But then the universe stepped in and steered our decision… A huge pecan limb fell in a storm and was the perfect age to cut when we were feeling motivated to do this project so pecan is what we went with, good or bad… One thing we try to do is, use what we have on hand and not waste resources. So the most sustainable option for us at this time is to use the pecan.
We cut the huge limb into 3 to 4 foot sections and used the ones that were 3 to 6 inch diameter. At this point it was a couple of weeks old which is a good aging period for the wood. You don’t want to use it too fresh or too old. A couple of weeks to a couple of months max. It has to still be holding some moisture inside so if it has been really dry you want it aged less.
We charged the battery to our 18V drill and put our spare battery on to charge as well. A 5/16 drill bit is the right size for plugs to fit into. We used a Sharpie marker and drew a line on the bit at the one inch mark so we would go the right depth every time! Starting 2 inches from the end of the log I began drilling holes. I alternated about 6 inches apart in rows approximately 2 1/2 inches apart. Enough space for mushroom clusters to grow big and strong. Ryan took over the drilling because pecan was harder than I expected, lol! We got 20-30 plugs per log. It is recommended to cover each plug with a thin layer of wax.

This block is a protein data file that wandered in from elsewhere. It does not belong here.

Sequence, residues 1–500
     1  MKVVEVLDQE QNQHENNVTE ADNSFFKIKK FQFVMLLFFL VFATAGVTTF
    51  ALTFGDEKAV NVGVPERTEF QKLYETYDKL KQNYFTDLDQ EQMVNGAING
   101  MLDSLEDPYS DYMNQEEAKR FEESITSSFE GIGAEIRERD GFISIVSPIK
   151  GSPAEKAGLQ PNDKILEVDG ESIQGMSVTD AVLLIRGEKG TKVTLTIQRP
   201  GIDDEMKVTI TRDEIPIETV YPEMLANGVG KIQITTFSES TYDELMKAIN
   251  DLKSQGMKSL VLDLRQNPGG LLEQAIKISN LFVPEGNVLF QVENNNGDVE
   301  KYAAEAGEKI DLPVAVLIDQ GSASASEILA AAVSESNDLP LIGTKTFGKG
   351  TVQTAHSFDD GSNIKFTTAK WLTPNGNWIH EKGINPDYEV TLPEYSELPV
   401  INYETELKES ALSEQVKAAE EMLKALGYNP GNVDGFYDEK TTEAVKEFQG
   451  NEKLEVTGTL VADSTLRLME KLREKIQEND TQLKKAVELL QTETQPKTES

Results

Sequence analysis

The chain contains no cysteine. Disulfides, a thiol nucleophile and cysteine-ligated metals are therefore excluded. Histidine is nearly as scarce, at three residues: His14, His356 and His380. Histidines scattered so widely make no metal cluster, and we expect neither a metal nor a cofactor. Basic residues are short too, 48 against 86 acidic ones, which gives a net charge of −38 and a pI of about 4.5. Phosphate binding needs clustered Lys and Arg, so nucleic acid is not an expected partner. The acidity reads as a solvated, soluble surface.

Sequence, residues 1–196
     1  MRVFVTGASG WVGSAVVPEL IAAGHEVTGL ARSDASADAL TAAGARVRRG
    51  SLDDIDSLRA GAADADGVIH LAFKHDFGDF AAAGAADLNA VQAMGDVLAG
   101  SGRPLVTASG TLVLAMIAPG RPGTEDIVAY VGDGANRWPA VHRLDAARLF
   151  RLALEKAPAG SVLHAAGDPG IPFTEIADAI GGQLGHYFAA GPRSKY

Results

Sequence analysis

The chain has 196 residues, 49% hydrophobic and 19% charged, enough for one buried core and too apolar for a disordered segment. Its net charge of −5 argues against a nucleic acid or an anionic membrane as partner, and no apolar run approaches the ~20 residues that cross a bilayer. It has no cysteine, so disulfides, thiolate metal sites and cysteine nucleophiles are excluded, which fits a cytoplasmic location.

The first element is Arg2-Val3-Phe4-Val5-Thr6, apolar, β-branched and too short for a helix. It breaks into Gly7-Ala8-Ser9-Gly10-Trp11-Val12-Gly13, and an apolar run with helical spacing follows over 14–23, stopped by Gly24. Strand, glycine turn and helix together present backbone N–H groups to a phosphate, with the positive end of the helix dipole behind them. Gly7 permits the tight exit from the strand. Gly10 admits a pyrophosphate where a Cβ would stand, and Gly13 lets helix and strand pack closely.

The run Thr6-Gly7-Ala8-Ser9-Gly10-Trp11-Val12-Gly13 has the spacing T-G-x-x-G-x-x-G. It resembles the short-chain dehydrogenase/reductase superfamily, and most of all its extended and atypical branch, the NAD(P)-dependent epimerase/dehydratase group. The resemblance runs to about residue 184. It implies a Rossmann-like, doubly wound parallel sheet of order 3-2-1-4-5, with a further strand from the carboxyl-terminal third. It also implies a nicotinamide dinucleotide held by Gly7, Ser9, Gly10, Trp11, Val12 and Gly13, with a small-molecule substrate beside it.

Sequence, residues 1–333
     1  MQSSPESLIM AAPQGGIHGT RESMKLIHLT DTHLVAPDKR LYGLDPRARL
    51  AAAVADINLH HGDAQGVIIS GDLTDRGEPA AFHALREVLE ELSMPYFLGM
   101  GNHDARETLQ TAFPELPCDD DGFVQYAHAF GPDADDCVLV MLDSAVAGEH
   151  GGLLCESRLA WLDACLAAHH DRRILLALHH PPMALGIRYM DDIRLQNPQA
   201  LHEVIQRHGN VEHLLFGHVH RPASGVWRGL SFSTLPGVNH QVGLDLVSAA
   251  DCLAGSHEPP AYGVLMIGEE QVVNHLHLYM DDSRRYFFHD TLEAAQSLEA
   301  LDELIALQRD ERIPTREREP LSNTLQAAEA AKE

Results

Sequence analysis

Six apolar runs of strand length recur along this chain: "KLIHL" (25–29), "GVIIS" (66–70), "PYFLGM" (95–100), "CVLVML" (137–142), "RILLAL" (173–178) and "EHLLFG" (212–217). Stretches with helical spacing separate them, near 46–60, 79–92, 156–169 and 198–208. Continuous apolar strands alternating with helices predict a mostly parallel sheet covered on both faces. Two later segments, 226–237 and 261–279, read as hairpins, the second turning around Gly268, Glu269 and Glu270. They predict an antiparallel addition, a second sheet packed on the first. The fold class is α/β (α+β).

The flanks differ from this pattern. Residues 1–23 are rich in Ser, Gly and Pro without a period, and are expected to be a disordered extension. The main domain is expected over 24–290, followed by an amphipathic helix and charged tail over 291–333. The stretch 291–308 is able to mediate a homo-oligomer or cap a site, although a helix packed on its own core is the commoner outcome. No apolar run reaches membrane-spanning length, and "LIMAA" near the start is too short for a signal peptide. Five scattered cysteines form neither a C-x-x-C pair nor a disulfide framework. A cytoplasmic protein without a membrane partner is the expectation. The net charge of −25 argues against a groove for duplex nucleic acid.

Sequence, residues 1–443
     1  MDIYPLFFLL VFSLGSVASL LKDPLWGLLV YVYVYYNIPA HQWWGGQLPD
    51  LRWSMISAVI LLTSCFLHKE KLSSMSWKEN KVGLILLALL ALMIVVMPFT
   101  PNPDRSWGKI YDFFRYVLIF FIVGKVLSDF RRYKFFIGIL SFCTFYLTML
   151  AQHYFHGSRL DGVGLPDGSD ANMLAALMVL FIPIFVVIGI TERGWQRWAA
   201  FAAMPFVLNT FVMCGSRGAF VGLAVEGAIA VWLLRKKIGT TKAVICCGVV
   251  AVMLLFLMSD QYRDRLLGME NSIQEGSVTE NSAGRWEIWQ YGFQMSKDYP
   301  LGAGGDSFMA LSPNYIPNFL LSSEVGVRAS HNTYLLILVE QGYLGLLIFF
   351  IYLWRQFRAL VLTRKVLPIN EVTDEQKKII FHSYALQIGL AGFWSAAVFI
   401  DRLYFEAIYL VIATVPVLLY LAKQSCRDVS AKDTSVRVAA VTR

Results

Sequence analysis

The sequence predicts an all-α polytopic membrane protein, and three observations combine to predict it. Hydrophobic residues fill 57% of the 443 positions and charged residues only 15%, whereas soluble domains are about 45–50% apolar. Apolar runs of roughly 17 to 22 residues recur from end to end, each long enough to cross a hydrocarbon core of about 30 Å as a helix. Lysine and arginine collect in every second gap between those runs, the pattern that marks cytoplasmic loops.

We put them in a shady location in reach of the hose and watered them in well. We just stacked them up checker style and if it hasn’t rained we give them a good hose down! It’s important to keep hydrated!
Our friend just contacted us about another bulk order and we will be doing more varieties in spring!!!
Can’t wait for all the yummy mushrooms! Let us know if you are interested in ordering them in the future!